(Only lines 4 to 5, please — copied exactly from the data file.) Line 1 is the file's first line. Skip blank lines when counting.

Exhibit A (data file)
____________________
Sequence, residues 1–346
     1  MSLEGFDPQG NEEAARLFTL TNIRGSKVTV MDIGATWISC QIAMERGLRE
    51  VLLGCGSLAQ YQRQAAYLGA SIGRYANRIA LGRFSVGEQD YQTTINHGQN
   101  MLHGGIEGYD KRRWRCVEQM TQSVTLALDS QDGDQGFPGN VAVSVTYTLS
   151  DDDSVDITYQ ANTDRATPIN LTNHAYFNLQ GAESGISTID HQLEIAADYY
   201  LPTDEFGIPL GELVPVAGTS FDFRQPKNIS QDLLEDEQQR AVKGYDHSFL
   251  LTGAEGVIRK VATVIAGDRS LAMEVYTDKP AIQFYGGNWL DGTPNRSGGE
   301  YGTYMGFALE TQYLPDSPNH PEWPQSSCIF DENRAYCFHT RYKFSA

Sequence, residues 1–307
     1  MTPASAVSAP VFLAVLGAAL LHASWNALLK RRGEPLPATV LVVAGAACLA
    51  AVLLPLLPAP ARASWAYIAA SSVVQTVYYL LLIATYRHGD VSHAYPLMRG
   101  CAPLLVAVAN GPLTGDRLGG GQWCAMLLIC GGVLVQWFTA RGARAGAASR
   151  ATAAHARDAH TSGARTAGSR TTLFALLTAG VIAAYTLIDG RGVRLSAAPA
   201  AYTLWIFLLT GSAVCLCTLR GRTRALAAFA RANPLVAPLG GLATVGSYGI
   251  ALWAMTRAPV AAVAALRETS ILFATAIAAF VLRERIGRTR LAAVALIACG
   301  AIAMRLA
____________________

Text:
   101  MLHGGIEGYD KRRWRCVEQM TQSVTLALDS QDGDQGFPGN VAVSVTYTLS
   151  DDDSVDITYQ ANTDRATPIN LTNHAYFNLQ GAESGISTID HQLEIAADYY